Alejandro González Iñárritu is an opinionated filmmaker. We have seen this quite a bit over the past several weeks, after the festival debut of his most recent film, “Bardo.” When critics initially panned his film, he got very defensive and even talked about underlying racism in the reviews. Now, the filmmaker is opening up about why he isn’t pleased with the high-gloss modern cinema we see in 2022.
Speaking at an event in London, filmmaker Alejandro González Iñárritu talked about his views on modern filmmaking. He admits that young directors are able to craft visually superb features, but he questions whether or not those films have any soul.
“I don’t care about the quality of things,” said the filmmaker. “When I see young filmmakers, I’m very connected to the way they express themselves. Nowadays, a lot of things look beautiful but there’s a lack of soul.”
He added that more “demanding” content, such as in his film, “21 Grams,” can’t be made today “because audiences would be very irritated by it. People need to be fed by the hand so much more.”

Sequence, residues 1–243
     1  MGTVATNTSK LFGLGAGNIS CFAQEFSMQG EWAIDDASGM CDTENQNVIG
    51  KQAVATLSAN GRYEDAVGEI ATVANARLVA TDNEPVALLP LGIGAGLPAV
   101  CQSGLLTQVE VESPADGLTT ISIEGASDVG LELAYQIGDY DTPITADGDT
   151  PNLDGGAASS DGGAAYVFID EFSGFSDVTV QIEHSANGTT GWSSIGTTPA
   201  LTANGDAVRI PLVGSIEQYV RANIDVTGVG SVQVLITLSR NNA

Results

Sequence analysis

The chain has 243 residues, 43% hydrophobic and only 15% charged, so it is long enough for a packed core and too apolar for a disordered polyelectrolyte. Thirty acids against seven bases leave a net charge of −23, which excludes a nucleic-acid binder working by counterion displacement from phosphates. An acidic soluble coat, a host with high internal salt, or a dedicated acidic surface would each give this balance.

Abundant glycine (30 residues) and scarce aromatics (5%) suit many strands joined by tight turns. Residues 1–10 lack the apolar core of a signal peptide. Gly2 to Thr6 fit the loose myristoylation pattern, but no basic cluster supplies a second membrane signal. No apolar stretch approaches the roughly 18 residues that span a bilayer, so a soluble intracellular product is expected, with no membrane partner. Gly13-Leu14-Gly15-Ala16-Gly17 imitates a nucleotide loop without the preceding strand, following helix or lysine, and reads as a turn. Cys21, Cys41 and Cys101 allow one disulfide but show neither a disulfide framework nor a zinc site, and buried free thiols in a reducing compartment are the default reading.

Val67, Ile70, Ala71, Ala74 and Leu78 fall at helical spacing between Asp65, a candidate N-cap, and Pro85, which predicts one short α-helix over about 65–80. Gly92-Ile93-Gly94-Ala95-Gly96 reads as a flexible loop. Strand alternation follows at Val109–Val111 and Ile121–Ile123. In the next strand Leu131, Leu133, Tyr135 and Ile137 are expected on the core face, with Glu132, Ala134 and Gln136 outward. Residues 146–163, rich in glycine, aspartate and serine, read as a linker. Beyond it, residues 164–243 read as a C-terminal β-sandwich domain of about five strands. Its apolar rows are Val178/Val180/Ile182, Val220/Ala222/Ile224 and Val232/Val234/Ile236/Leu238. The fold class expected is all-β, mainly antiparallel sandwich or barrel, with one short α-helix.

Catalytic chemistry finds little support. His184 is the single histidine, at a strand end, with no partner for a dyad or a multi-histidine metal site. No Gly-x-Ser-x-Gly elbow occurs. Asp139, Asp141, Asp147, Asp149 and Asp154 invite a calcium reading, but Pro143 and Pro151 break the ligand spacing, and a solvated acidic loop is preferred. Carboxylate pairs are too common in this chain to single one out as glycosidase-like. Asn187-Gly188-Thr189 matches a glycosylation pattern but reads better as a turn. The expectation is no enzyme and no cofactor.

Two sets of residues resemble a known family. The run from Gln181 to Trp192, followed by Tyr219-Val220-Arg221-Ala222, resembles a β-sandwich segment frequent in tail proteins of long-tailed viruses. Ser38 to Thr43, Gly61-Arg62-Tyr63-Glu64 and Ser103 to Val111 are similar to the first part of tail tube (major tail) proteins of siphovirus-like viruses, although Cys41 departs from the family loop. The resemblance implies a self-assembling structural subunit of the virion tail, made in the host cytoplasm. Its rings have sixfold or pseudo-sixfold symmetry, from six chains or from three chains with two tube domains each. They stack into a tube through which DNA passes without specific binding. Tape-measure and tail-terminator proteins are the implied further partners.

It would appear that Iñárritu has another “demanding” film on his hands with this year’s “Bardo.” What was initially expected to be an Oscar front-runner, given the filmmaker’s award-winning pedigree, “Bardo” was given surprisingly mixed-to-negative reviews after its debut in Venice. The film is being compared to Federico Fellini’s “8 ½” quite often given the premise of the feature, following the story of a renowned Mexican journalist and documentary filmmaker, Silverio, who has to return to his native country to accept an award after spending years in Los Angeles. One of the major criticisms of the film is the run-time, which is just below three hours.
Since the festival debut, Iñárritu has been tinkering with “Bardo,” trimming the film by a reported 22 minutes. He describes the film as much more “tightened” than the previous version, which may help its awards season chances.
“I put everything that I have into ‘Bardo,’” he said. “I have nothing more to give at this moment. I gave everything: in terms of heart, in terms of soul, in terms of attention… I didn’t want to make [‘Bardo’], I needed to make it.”
“Bardo” is expected to hit theaters on November 4 before arriving on Netflix on December 16.